Application: Basic; Stopwatch, More; DAQ


As the title suggests, I have an application question... First of all, I'm nearly positive that this will do the minimum of what I want, but I figured I'd ask anyways.

I need, at the very least, to create a "stopwatch" for a timing system for automobile racing.

The stopwatch needs to be accurate to a thousandth of a second (.001 seconds) and up to 10 minutes (600 seconds).

And that's the only real limitation I have... is the clock speed on this system fast enough for that (I would assume yes).

The reason I need this, and this is the biggest thing I need (besides the accuracy) is to have multiple-trip protection. Frequently with our current system, if the car is traveling slow, the car can trip it two or three times when it's only supposed to do it once. a "multiple trip" protection function is extremely important, so that it will only take one input in the span of say 1 second. It's important that it take the first input, in this case, but that should be simple.

I'll give the minimums: Output: mm:ss.sss (so 2 places for minutes, 5 places for seconds (3 of which for tenths, hundredths, thousandths) so I need 7 display outputs total. I am aware that Arduino can output that many decimal places (up to 8 with the proper hardware?).

It will need to have start/stop/reset functions that can be user controlled. Start/stop functions also need to be able to take inputs from the sensors. everything will run off of 12VDC (possible use of batteries can make Arduino run off of other voltage settings... whatever it likes, but run off of batteries none the less.

A lap function will also be extremely appreciated. That is using one sensor input to start the timer, then every time the sensor is tripped it displays the time (for say 10 seconds) and resets the timer. For the next lap.

On that note, lap # and recall of those times would be awesome.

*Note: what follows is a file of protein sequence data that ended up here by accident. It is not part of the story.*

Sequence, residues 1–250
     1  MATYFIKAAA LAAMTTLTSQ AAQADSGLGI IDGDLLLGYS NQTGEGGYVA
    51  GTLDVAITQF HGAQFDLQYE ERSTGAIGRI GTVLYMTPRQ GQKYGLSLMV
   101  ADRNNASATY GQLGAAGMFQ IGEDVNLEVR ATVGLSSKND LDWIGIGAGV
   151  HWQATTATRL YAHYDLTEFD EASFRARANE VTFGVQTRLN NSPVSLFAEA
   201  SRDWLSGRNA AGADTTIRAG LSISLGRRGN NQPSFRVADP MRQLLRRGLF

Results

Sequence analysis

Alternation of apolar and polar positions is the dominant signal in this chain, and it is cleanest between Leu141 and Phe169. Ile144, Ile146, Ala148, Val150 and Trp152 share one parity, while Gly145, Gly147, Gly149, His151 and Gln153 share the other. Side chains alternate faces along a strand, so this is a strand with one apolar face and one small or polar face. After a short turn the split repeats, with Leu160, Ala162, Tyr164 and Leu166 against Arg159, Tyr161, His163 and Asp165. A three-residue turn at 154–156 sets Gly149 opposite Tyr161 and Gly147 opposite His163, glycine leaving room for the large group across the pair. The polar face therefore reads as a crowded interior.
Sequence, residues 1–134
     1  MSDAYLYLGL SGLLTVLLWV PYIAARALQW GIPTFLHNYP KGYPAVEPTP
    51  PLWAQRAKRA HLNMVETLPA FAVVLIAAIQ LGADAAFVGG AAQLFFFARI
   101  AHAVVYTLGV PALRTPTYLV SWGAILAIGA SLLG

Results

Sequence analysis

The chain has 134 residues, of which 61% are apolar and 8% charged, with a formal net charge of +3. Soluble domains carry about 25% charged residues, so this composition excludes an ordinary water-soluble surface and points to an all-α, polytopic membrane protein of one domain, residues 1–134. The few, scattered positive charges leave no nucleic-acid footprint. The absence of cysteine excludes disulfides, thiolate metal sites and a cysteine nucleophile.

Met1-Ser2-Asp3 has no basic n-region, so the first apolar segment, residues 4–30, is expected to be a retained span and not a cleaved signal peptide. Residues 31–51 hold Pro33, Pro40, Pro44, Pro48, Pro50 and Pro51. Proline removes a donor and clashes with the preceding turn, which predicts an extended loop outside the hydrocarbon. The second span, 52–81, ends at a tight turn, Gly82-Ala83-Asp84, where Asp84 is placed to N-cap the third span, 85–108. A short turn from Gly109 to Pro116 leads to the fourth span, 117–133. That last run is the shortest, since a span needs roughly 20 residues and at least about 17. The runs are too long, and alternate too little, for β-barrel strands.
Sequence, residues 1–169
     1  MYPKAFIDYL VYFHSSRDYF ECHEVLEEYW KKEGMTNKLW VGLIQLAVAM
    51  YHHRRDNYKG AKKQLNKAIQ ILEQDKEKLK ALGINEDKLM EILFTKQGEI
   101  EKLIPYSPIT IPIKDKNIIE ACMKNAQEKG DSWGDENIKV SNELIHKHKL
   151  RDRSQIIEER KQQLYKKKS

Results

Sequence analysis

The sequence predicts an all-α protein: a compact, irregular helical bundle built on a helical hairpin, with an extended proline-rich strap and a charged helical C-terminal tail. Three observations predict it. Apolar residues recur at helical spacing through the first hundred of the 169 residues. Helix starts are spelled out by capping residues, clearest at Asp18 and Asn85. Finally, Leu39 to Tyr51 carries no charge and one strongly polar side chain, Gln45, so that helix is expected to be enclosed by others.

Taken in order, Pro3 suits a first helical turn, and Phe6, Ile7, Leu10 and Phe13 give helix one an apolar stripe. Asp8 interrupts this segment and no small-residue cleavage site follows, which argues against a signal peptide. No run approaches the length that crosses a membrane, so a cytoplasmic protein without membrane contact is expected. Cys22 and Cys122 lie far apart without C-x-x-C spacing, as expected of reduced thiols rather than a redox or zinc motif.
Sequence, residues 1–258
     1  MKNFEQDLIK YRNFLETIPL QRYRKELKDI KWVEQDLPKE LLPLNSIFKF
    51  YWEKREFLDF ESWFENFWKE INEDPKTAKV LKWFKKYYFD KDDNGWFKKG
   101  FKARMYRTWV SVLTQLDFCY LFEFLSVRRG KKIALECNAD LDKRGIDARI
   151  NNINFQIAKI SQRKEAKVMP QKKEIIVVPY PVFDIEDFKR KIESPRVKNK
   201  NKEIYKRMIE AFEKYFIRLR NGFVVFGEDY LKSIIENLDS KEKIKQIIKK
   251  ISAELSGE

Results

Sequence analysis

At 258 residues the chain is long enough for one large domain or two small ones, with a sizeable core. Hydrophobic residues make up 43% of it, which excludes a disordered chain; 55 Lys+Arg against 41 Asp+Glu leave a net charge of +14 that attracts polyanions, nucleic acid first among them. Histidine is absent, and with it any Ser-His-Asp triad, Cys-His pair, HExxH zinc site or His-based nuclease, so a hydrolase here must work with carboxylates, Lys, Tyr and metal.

It's worth noting that some application will be lap based (going around a track) and some will be start/stop based (drag racing). I see doing this either with two modes, or just having the start/stop sensor in the same input ports and either using one sensor or two, depending on the application.

Storage of values or uploading values to a computer would be nice. Storing then uploading would also be nice. Ability to put in info for datasets would be nice (for example, put in the name of the driver for each lap set).

Sector times would be very nice. That is, you have a sensor for the start/finish of the run, and other sensors at other spots in the track. It measures the lap time relative to the "main" lap sensor, and also time in between each sensor. I have 5 sensors at the moment.

On software side, some data anlysis would be nice. when uploaded to computer, it could find fastest lap (and with sector times, fastest rolling lap (this analysis uses each sector gate as a start/finish instead of a checkpoint, it then finds the fastest lap, which might have started/ended in the middle of the track, but due to being slow before or after that point, would not show up as being as fast under normal circumstances... I hope that is an adequate description)).

Also plot histograms of data and maybe do some more complicated analysis.

This is the first part of what I want. A piece of harware that only really measures time between sensor trips with some flexibility to filter out multiple trip errors and the like. It would not interface with the car at all.

Depending on how easy/doable/flexible this project and Arduino is in general, I'm sure I could come up with boat loads of other applications, all the way to DAQ and in-car driver instrumentation. Maybe even telemetry stuff?

Last but not least... a recommendation of what hardware to get would be nice.



welcome atmh,

you want pretty much at the same time. i think all that's possible in the long run but you should definetely start slowly.

  • how do you want to sense the car? (light barrier, push button)

  • how dow you want to output the data in teh first place? there is no such limit as "8 digits maximum". it just depends on the display, and program size (no long text analysis coming from an arduino).

  • if you send your data to your pc, you theoretically can do pretty much with it, inluding graphical views, "auto email stats to drivers", whatever you want. you just need the programming skills. since this is not an arduino related task, you should keep these ideas in the back of your head for now.

the key to some kind of success is splitting your project in byte or rather bits. get an arduino (if you haven't ) connect a pushbutton instead of your laser light barrier, and start measuring some time. send this data to your computer. if you're familiar with the basics, get an LCD, write some code to output some dummy text to it. if you're familiar with it, merge your two programs... etc.

Thanks for the response.

Basically I was just looking to make sure that Arduino can handle the accuracy and basic stopwatch type inputs. I completely agree that it should, and will be done one step at a time, that's generally how I work anyway.